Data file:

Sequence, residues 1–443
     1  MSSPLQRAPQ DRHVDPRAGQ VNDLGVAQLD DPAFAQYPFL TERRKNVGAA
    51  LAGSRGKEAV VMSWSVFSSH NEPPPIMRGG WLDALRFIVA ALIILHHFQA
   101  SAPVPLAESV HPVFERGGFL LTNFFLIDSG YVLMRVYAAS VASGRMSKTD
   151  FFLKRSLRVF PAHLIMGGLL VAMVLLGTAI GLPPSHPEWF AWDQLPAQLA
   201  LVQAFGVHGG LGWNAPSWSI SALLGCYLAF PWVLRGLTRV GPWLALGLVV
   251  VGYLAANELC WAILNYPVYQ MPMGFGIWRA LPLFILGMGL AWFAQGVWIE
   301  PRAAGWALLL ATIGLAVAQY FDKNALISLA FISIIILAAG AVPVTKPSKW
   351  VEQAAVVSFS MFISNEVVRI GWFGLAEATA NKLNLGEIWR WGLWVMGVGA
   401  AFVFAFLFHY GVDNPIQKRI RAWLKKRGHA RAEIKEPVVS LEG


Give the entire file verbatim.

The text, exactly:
Sequence, residues 1–443
     1  MSSPLQRAPQ DRHVDPRAGQ VNDLGVAQLD DPAFAQYPFL TERRKNVGAA
    51  LAGSRGKEAV VMSWSVFSSH NEPPPIMRGG WLDALRFIVA ALIILHHFQA
   101  SAPVPLAESV HPVFERGGFL LTNFFLIDSG YVLMRVYAAS VASGRMSKTD
   151  FFLKRSLRVF PAHLIMGGLL VAMVLLGTAI GLPPSHPEWF AWDQLPAQLA
   201  LVQAFGVHGG LGWNAPSWSI SALLGCYLAF PWVLRGLTRV GPWLALGLVV
   251  VGYLAANELC WAILNYPVYQ MPMGFGIWRA LPLFILGMGL AWFAQGVWIE
   301  PRAAGWALLL ATIGLAVAQY FDKNALISLA FISIIILAAG AVPVTKPSKW
   351  VEQAAVVSFS MFISNEVVRI GWFGLAEATA NKLNLGEIWR WGLWVMGVGA
   401  AFVFAFLFHY GVDNPIQKRI RAWLKKRGHA RAEIKEPVVS LEG